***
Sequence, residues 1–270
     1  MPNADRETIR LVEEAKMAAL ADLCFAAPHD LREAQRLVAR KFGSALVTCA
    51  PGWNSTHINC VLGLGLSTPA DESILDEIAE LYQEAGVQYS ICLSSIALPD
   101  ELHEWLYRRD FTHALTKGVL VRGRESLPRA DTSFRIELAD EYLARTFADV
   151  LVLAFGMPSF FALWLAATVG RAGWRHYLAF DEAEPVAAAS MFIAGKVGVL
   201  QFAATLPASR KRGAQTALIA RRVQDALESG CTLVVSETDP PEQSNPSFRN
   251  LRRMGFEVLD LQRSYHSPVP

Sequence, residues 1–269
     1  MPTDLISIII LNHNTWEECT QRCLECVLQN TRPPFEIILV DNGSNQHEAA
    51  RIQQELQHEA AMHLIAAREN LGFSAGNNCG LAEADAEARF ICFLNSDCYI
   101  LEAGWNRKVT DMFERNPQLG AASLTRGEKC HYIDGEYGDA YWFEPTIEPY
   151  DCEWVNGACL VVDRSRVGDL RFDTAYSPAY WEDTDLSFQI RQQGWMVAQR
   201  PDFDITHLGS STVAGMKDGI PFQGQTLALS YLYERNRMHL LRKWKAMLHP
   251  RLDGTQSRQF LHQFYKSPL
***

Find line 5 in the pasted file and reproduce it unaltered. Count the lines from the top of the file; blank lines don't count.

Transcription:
   151  LVLAFGMPSF FALWLAATVG RAGWRHYLAF DEAEPVAAAS MFIAGKVGVL